It must also be remembered that, even if an IPP prisoner is eventually released, he will still be subject to a minimum 10 year licence period, during which time he can be returned to prison by the probation service for any reason, even if he does not commit any further offences.

Anyone knowledgeable about the criminal justice system in Britain will tell you that the chances of a prisoner getting through a 10 year licence without being returned to prison at least once are virtually nil. TheOpinionSite.org believes therefore that it is not only the release criteria for IPP prisoners that need revision but also the licence provisions as well; something that is very unlikely to happen under any government of whatever party.

With the already high level of general public dissatisfaction, opposition from those with vested interests and the fact that we have an unpopular  government terrified of criticism, it is unlikely that any real reform of the IPP regime will happen any time soon.

There is insufficient money, insufficient will for change in the government and in those who rely on the system for their living, too much political opposition and too little resistance to the numerous charities and individual “experts” that rely on public fear for their very existence. With all that in place, TheOpinionSite.org believes that anyone expecting real changes to the IPP system any time soon should not hold their breath.  

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25 Responses to IPP sentences no closer to reform despite change in law

  1. Marie
    March 2, 2017 at 11:55 pm

    My son was given a IPP tariff of 5 years for burglary in 2005, he is still in prison!!!! he has been shipped from pillar to post, has had kettles of boiling water over him, where he had to be admitted to hospital, been in seg for his own safety, has done every course imaginable , the govenor of Exetor prison even made him change his CAT so he might get moved nearer to me for visits, this is unbelievable! his probation officer changes every 6 months, they are no help what so ever,I as a mother do not know which way to turn to help him get released.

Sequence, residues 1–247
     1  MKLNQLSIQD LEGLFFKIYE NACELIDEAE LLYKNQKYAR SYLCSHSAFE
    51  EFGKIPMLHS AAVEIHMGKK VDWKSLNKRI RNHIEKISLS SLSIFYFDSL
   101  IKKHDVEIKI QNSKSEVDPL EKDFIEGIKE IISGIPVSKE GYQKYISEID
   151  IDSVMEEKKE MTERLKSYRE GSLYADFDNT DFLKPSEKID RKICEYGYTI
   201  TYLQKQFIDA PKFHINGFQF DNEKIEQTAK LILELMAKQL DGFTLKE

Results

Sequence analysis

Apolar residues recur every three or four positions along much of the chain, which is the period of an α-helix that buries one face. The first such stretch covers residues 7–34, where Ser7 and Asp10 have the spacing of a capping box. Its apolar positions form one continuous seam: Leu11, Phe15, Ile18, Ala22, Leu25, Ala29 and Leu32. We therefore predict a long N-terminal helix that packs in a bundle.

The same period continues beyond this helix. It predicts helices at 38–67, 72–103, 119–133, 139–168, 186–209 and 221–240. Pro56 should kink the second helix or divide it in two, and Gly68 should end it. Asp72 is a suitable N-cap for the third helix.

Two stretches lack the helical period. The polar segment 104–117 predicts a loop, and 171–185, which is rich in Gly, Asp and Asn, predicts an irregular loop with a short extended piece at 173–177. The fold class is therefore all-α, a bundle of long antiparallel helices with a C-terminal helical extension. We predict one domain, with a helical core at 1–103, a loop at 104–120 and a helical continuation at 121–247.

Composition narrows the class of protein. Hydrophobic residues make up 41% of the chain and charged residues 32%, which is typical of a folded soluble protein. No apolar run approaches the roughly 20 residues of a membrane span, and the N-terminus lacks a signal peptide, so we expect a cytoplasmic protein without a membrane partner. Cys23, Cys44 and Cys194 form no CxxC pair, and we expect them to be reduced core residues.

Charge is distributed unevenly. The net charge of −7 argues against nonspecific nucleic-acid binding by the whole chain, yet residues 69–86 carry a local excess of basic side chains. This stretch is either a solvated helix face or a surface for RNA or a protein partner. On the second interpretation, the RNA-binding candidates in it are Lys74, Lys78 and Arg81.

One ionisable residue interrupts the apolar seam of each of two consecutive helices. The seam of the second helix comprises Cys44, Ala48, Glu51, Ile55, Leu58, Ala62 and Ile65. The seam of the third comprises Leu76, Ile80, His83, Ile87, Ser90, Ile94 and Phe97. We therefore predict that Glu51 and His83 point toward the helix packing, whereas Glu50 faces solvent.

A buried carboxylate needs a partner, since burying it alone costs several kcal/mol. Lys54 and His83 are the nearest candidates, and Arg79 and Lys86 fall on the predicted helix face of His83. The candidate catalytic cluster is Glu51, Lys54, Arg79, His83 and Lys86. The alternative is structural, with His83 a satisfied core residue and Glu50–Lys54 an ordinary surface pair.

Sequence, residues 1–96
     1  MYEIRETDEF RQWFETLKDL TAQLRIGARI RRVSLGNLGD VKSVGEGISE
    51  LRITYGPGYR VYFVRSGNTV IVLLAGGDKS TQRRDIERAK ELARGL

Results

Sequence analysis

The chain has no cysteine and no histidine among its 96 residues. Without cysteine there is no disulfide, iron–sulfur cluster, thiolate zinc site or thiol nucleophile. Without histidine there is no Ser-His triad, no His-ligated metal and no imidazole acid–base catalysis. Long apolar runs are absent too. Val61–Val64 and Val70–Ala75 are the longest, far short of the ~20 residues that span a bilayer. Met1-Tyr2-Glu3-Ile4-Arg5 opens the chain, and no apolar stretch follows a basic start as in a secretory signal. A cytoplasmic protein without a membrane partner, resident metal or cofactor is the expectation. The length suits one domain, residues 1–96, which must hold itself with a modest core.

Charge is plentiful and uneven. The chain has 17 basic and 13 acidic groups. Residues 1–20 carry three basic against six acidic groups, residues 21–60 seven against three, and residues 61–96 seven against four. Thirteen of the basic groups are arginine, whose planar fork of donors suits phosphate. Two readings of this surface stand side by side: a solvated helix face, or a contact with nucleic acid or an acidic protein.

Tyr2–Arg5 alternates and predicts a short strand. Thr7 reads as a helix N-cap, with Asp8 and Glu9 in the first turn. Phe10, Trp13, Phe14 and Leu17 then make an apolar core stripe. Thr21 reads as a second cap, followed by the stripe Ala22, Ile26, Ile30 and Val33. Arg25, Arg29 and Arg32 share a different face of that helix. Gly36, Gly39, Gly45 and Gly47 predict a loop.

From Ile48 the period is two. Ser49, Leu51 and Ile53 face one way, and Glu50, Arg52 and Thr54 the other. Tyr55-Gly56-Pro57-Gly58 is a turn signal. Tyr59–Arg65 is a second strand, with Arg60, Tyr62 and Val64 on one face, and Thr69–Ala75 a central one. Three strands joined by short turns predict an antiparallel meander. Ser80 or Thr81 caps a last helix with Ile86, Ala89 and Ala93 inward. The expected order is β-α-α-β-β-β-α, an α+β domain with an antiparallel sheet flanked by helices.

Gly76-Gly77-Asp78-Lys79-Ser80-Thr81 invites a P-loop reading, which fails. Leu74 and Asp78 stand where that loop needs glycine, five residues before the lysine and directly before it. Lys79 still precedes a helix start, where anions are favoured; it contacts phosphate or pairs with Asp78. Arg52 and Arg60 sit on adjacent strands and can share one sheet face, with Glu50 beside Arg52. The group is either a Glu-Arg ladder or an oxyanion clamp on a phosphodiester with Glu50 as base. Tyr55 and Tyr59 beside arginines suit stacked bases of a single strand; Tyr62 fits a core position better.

I don’t understand how people that do serious crimes IE murder,molest etc get released…

  2. lesley vann
    September 2, 2012 at 8:00 pm

    I AM A MOTHER OF THREE SONS, ONE OF WHICH IS DOING A 5 YEAR IPP. HE IS NOW ON HIS FOURTH YEAR. WHEN HE WAS SENTENCED IT WAS NEVER BROUGHT UP IN COURT HOW HE WAS GANGED UPON FOR 15 PLUS YEARS AND BATTERED, MOBILE PHONES TAKEN OFF OF HIM WHICH I ALWAYS HAD TO REPLACE BECAUSE HE SUFFERS 4 TYPES OF. EPILEPSY AND I WORRIED ABOUT HIM ALL THE TIME. HE FINALLY FLIPPED AFTER YEARS OF ABUSE AND HE WOULD NEVER LET ME CALL THE POLICE BUT THEN I HAVE TO ASK MYSELF WOULD THEY HAVE BEEN BOTHERED TO COME TO HIS AID AND I DOUBT THAT CONSIDERING IN COURT A CERTAIN JUDGE RAGGERT WAS NOT INTERESTED IN HIS DEFENCE HE WAS IN A RUSH TO GO FOR HIS LUNCH SO MY SON NEVER STOOD A CHANCE. THE VERY GOOD NEVER HAD ANY TROUBLE ALWAYS DESCENT PUBLIC HOUSE THAT STILL STANDS AND STILL HOUSES COKE DEALERS KNOWINGLY TO THE POLICE ARE RESONSEABLE FOR THIS. MY SON WOULD NEVER HURT A SOUL YES! HE WAS A NUISANCE BUT NEVER A VIOLENT ONE AS WAS SAID IN COURT. YES EVEN THOUGH IT TOOK HIM THREE DAYS TO REALISE WHAT HE WAS IN A POLICE CELL FOR HE CAN`T BELIEVE HIMSELF THAT HE REACTED LIKE HE DID. PEOPLE FROM THE COMMUNITY HE WAS BOUGHT UP IN ATTACKING LIKE THEY DID AND STILL GO TO THE SAME PUB CAUSING THE SAME PROBLEMS AND STILL GETTING AWY WITH WHAT THEY DO. MY SON WOULD GET HIS HEAD SLAPPED, FLICKED AROUND THE EARS, STRING TIED ROUND THE LEGS OF HIS CHAIR AND PULLED FROM UNDER HIM AS HE WENT AND SAT BACK DOWN BANGING HIS HEAD AND THEM IDIOTS LAUGHING ABOUT IT. MAKING OUT THEY WERE HIS FRIEND ON THE OUTSIDE OF THE PUB WHILE OTHERS ATTACKED HIM BEHIND. YES!! HE TOOK YEARS OF THIS ABUSE I COULD CRY AND HAVE ON MANY OCCASIONS WHEN HE USED TO WALK IN HOME BLEEDING AND BRUISED THROUGH THESE HORRIBLE, SPITEFUL, NASTY PEOPLE YET SOMEHOW IT IS MY SON THAT IS THE BAD ONE AND I WONDER IF I WILL BE ALIVE WHEN HE COMES OUT IF HE DOES . HE HAS ALREADY LOST HIS DAD WHILE IN H.M.P. RELYING ON THESE NO GOOD DOERS WHO ARE ONLY CORNCERNED ABOUT THEIR LIVES & LIVING AND KEEPING THEMSELVES IN A JOB AND WHO LOVE HAVING AUTHORITY OVER HIM. PLUS AN AR****** OF A GOVERMENT THAT COULD NEVER RUN A MONKEYS TEA PARTY NEVER MIND THIS COUNTRY WHICH THE WORLD MUST BE LAUGHING AT. BETTER STOP THERE OR ELSE I NEVER WILL. BUT I AM GOING TO BUT IN FOR THE GOVERMENT TO PAY FOR MY VISITS TO SEE MY SON FUEL,ECT.